Team overcomes major obstacles to cellulosic biofuel production
CHAMPAIGN, Ill. – A newly engineered yeast strain can simultaneously consume two types of sugar from plants to produce ethanol, researchers report. The sugars are glucose, a six-carbon sugar that is relatively easy to ferment; and xylose, a five-carbon sugar that has been much more difficult to utilize in ethanol production. The new strain, made by combining, optimizing and adding to earlier advances, reduces or eliminates several major inefficiencies associated with current biofuel production methods.
The findings, from a collaborative led by researchers at the University of Illinois, the Lawrence Berkeley National Laboratory, the University of California and the energy company BP, are described in the Proceedings of the National Academy of Sciences. The Energy Biosciences Institute, a BP-funded initiative, supported the research.
Yeasts feed on sugar and produce various waste products, some of which are useful to humans. One type of yeast, Saccharomyces cerevisiae, has been used for centuries in baking and brewing because it efficiently ferments sugars and in the process produces ethanol and carbon dioxide. The biofuel industry uses this yeast to convert plant sugars to bioethanol. And while S. cerevisiae is very good at utilizing glucose, a building block of cellulose and the primary sugar in plants, it cannot use xylose, a secondary ? but significant ? component of the lignocellulose that makes up plant stems and leaves. Most yeast strains that are engineered to metabolize xylose do so very slowly.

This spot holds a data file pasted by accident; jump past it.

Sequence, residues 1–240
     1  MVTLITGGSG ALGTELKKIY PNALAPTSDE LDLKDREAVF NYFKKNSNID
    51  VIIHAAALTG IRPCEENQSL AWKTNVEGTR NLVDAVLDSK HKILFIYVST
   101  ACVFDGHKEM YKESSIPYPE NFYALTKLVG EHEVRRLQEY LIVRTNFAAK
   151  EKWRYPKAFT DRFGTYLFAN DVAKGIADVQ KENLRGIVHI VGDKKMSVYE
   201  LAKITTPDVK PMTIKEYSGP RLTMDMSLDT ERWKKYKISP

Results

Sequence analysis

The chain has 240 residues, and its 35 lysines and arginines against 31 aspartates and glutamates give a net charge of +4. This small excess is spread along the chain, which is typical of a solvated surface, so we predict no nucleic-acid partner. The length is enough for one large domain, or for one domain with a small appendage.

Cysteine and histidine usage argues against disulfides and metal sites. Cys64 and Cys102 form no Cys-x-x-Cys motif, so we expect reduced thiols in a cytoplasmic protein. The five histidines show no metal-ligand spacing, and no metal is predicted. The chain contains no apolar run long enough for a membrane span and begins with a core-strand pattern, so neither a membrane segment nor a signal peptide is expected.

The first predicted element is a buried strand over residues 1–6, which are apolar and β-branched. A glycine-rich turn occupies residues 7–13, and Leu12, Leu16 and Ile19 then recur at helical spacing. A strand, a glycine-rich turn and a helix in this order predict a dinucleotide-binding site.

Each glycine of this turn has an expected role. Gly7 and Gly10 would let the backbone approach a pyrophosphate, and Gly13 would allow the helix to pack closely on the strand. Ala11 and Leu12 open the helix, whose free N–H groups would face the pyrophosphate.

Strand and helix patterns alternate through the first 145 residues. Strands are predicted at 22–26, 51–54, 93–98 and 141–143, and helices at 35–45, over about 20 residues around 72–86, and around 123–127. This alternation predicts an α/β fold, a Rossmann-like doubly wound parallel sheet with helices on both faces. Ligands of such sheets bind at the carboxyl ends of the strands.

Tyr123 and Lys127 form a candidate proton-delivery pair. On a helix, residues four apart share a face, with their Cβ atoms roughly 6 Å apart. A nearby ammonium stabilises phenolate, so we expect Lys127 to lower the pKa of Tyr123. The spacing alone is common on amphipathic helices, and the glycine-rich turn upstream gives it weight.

“Xylose is a wood sugar, a five-carbon sugar that is very abundant in lignocellulosic biomass but not in our food,” said Yong-Su Jin, a professor of food science and human nutrition at Illinois. He also is an affiliate of the U. of I. Institute for Genomic Biology and a principal investigator on the study. “Most yeast cannot ferment xylose.”
A big part of the problem with yeasts altered to take up xylose is that they will suck up all the glucose in a mixture before they will touch the xylose, Jin said. A glucose transporter on the surface of the yeast prefers to bind to glucose.
“It’s like giving meat and broccoli to my kids,” he said. “They usually eat the meat first and the broccoli later.”
The yeast’s extremely slow metabolism of xylose also adds significantly to the cost of biofuels production.
Jin and his colleagues wanted to induce the yeast to quickly and efficiently consume both types of sugar at once, a process called co-fermentation. The research effort involved researchers from Illinois, the Lawrence Berkeley National Laboratory, the University of California at Berkeley, Seoul National University and BP.
In a painstaking process of adjustments to the original yeast, Jin and his colleagues converted it to one that will consume both types of sugar faster and more efficiently than any strain currently in use in the biofuel industry. In fact, the new yeast strain simultaneously converts cellobiose (a precursor of glucose) and xylose to ethanol just as quickly as it can ferment either sugar alone.